TORONTO, Ontario, August 16, 2011 ( – After facing criticism from the media and the Canadian Egyptian Congress, Toronto’s Coptic Orthodox leaders have renewed their threat to remove up to 4,000 families from the Toronto Catholic District School Board (TCDSB) should it fail to protect Catholic teaching in the schools.

Nazeer Bishay, president of the Canadian Egyptian Congress (CEC), had called on parents August 8th to reject the Coptic leaders’ position in an interview with the Toronto Star.

But Fr. Rueiss Awad, the priest for St. George and St. Rueiss Coptic Orthodox Church in North York, told the Star that the CEC “is just one man’s personal opinion and it carries no weight.”  “We do not recognize the authority of this group to represent our congregations, or our families, or the church in any way, shape or form,” the priest said.


LifeSiteNews revealed at the end of July that Fr. Jeremiah Attaalla had warned the TCDSB in June that the Coptic Orthodox Churches in Toronto would withdraw their 4,000 families if they did not pass crucial amendments to their controversial equity policy.  One expert LSN spoke with said if the threat were carried out, the board could lose upwards of $40,000,000 in annual public funding, and over 150 teachers.

The equity policy, passed earlier this year as part of the Ontario government’s sweeping equity and inclusive education strategy, has sparked an unprecedented mobilization of parents who fear that it will give homosexual activists a foothold in order to further subvert already weak Catholic sexual teaching in the schools.  On August 31st, the board will be considering a set of amendments to the policy promoted by trustee John Del Grande and Angela Kennedy to ensure that equity and inclusion are interpreted consistently with Catholic teaching.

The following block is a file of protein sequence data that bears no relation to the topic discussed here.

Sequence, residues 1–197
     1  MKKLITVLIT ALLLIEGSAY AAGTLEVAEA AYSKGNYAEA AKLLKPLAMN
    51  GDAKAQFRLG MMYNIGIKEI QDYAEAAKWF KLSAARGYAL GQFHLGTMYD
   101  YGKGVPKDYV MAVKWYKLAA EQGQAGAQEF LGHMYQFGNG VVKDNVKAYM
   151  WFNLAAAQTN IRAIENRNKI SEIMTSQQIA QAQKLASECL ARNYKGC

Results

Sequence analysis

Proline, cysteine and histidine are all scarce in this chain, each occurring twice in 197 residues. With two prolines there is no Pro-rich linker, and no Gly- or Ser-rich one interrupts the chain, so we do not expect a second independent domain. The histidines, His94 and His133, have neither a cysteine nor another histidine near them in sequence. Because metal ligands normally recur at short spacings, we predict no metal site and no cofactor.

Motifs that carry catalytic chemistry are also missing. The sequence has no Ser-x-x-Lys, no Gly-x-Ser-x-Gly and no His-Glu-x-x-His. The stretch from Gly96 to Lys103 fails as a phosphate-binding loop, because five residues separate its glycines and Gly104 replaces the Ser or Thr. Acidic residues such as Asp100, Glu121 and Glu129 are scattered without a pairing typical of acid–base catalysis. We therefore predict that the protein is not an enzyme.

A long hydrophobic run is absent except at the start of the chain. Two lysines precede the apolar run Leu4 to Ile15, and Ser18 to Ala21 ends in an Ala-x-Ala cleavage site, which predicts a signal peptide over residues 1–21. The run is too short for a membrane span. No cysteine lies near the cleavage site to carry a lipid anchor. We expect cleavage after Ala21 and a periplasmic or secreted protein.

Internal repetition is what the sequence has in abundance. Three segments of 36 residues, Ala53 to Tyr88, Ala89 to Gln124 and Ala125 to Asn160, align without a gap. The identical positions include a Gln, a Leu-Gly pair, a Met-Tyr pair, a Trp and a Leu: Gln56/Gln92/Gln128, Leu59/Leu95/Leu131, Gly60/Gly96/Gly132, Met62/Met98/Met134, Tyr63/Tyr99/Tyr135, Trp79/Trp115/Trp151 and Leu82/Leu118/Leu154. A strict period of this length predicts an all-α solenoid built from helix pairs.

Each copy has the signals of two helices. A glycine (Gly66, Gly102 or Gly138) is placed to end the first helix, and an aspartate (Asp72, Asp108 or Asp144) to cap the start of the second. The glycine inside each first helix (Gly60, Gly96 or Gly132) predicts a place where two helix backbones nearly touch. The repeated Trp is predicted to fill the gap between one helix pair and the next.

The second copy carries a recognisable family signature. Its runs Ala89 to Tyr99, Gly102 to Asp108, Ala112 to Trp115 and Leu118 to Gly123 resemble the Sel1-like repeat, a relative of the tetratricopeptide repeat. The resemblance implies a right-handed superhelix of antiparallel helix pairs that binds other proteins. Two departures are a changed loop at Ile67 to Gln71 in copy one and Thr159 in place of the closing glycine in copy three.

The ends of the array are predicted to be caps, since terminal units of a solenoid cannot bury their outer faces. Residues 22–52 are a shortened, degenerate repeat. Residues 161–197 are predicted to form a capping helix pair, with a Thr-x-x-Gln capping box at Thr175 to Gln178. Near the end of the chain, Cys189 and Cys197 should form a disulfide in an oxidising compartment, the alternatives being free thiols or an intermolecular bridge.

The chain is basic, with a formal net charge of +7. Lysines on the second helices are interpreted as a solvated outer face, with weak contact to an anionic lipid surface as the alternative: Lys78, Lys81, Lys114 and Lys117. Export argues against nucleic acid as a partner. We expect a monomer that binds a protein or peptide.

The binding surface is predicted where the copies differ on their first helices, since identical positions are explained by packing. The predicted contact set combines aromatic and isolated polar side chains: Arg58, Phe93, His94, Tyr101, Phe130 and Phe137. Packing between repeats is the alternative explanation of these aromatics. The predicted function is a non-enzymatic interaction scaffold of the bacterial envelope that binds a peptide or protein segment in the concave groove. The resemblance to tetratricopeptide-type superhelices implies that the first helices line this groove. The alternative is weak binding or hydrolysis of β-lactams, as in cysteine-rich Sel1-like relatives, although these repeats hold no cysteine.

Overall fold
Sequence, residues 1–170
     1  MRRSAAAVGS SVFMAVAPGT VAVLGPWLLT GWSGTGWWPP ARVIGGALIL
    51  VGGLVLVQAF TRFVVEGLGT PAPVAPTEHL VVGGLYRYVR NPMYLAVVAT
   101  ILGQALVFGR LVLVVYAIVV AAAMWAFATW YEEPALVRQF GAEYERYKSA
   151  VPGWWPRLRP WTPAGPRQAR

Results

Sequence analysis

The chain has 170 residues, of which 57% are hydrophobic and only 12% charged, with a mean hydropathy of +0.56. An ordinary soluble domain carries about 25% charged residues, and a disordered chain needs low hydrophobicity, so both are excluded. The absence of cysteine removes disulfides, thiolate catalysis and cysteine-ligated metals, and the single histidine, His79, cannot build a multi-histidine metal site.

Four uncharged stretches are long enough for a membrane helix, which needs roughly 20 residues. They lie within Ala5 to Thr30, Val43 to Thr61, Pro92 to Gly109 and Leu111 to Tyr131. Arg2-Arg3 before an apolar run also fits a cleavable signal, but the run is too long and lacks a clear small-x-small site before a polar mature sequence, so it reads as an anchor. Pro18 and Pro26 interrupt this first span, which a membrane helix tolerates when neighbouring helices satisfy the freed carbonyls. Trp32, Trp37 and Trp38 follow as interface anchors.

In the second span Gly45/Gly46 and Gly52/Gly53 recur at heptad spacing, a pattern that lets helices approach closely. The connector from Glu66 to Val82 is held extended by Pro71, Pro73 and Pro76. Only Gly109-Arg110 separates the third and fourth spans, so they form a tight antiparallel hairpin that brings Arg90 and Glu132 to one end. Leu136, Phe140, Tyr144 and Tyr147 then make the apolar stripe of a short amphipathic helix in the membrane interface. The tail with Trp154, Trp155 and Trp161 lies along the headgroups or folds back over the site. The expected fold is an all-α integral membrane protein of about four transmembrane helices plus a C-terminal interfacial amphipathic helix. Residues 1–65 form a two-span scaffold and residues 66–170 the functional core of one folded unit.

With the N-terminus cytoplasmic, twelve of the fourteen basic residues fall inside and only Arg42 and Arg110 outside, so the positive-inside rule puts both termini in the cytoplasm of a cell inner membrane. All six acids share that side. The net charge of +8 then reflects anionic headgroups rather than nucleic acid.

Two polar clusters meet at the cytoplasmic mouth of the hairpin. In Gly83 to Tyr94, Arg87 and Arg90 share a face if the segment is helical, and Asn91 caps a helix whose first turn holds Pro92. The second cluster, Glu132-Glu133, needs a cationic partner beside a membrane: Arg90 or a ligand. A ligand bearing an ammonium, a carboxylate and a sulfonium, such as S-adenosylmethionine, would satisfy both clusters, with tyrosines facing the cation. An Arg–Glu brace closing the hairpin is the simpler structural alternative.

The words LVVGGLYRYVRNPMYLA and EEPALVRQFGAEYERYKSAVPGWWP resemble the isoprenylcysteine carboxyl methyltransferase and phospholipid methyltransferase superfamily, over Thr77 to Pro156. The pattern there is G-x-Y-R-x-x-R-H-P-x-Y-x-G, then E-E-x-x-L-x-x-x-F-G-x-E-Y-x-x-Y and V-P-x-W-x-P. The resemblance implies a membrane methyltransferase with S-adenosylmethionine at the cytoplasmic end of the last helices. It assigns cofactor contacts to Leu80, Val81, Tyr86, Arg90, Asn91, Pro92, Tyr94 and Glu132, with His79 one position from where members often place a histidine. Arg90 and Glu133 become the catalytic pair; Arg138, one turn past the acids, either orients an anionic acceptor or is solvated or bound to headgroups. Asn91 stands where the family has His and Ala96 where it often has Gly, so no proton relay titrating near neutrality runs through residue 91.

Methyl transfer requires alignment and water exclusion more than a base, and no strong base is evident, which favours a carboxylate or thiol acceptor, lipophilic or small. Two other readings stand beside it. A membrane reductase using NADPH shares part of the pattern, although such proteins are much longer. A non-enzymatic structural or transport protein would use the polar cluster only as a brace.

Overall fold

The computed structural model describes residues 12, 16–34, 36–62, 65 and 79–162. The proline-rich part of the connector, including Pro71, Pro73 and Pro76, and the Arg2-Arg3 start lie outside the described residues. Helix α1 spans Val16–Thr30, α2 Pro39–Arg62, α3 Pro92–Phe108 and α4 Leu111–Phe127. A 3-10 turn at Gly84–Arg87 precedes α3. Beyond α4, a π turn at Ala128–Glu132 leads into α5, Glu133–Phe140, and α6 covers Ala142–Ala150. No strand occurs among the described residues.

News of the Coptics’ warning sparked a vehement media reaction with claims that Fr. Attaalla was “preaching intolerance.”

The Globe and Mail argued in an editorial August 10th that publicly-funded Catholic schools “must abide by the equality principles in the Canadian Constitution – even if they are out-of-step with the church’s own teachings.”

“Students’ welfare and equality rights trump official religious dogma,” they added.

But Toronto lawyer Geoff Cauchi said the Supreme Court of Canada confirmed in 2001 that Catholics’ denominational rights in section 93 of Canada’s Constitution are “absolute.”

“Canada’s self-proclaimed ‘national’ newspaper has sunk to a new low in either journalistic integrity or competence,” he told LifeSiteNews.  “If the editor sought legal advice on this topic before writing this editorial, he ought to fire the lawyers.  If he did not seek legal advice, the Globe ought to fire the editor for incompetence.”

“Any statute or government edict that would force Catholic schools to teach that homosexual behaviour is ‘moral’ would certainly” violate Catholics’ denominational rights, he added.

Despite the claims that the Coptic priests are “preaching intolerance,” Fr. Attaalla has highlighted that the Christian position on homosexuality is fundamentally based in love.

Pressured by Xtra! about how we would react if one of his children announced he was gay, Fr. Attaalla responded: “I would love him.”

“I would do what Christ would have done, love him even more than before,” the priest continued.  “I would tell him to go and read the Bible. If this is his choice, that’s his choice. But that’s not according to what we believe … Schools teaching Adam and Steve is a reality, and it’s not what we believe.”